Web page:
The Senate Judiciary Committee just opened a hearing on amending the Foreign Intelligence Surveillance Act, legislation dealing with the federal government’s ability to conduct surveillance of terrorist activities overseas. A key question in the debate has been whether to grant telecommunications companies’ retroactive immunity from civil lawsuits for their cooperation with intelligence gathering in the wake of the mass murder of Americans by terrorists on September 11, 2001.
In an online column in today’s Wall Street Journal, “Surveillance Sanity —
Companies that help protect the U.S. against attack deserve immunity from frivolous lawsuits,” three former attorneys general explain why such immunity is necessary. Benjamin Civiletti, Dick Thornburgh and William Webster make important points about corporate citizens as citizens.
America’s front line of defense against terrorist attack is communications intelligence. When Americans put their loved ones on planes, send their children to school, or ride through tunnels and over bridges, they are counting on the “early warning” system of communications intelligence for their safety. Communications technology has become so complex that our country needs the voluntary cooperation of the companies. Without it, our intelligence efforts will be gravely damaged.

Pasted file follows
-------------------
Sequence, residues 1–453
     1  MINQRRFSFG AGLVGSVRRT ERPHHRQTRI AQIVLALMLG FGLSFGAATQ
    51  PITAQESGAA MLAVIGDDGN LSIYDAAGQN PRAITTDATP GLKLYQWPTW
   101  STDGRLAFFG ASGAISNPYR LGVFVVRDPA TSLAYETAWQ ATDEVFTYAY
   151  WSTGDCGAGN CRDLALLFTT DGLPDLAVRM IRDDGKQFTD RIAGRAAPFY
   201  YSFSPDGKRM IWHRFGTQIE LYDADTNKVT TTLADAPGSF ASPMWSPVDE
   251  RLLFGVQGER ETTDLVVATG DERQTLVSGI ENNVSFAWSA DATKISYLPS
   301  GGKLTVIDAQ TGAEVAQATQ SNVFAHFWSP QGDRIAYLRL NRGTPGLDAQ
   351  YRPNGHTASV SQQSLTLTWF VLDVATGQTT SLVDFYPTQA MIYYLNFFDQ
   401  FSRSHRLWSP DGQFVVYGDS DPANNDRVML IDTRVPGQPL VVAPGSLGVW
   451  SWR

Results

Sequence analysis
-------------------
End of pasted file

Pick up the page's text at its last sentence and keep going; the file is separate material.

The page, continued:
Whether the government has acted properly is a different question from whether a private person has acted properly in responding to the government’s call for help. From its earliest days, the common law recognized that when a public official calls on a citizen to help protect the community in an emergency, the person has a duty to help and should be immune from being hauled into court unless it was clear beyond doubt that the public official was acting illegally. Because a private person cannot have all the information necessary to assess the propriety of the government’s actions, he must be able to rely on official assurances about need and legality. Immunity is designed to avoid the burden of protracted litigation, because the prospect of such litigation itself is enough to deter citizens from providing critically needed assistance.
Read the whole thing.
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